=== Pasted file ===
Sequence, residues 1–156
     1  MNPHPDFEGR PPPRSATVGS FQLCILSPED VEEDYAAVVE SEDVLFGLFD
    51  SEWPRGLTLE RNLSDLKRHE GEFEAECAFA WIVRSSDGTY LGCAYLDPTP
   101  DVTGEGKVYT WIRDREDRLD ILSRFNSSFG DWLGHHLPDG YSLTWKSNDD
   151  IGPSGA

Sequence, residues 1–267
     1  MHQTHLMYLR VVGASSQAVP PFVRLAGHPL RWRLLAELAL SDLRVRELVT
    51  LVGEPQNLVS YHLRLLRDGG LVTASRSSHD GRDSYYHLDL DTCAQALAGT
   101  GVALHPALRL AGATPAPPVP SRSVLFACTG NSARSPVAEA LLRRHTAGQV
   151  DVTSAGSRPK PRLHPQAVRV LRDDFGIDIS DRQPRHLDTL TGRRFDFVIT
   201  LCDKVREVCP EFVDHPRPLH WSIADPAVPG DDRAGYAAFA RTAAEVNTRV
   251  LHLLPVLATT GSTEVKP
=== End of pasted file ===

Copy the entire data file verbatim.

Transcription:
Sequence, residues 1–156
     1  MNPHPDFEGR PPPRSATVGS FQLCILSPED VEEDYAAVVE SEDVLFGLFD
    51  SEWPRGLTLE RNLSDLKRHE GEFEAECAFA WIVRSSDGTY LGCAYLDPTP
   101  DVTGEGKVYT WIRDREDRLD ILSRFNSSFG DWLGHHLPDG YSLTWKSNDD
   151  IGPSGA

Sequence, residues 1–267
     1  MHQTHLMYLR VVGASSQAVP PFVRLAGHPL RWRLLAELAL SDLRVRELVT
    51  LVGEPQNLVS YHLRLLRDGG LVTASRSSHD GRDSYYHLDL DTCAQALAGT
   101  GVALHPALRL AGATPAPPVP SRSVLFACTG NSARSPVAEA LLRRHTAGQV
   151  DVTSAGSRPK PRLHPQAVRV LRDDFGIDIS DRQPRHLDTL TGRRFDFVIT
   201  LCDKVREVCP EFVDHPRPLH WSIADPAVPG DDRAGYAAFA RTAAEVNTRV
   251  LHLLPVLATT GSTEVKP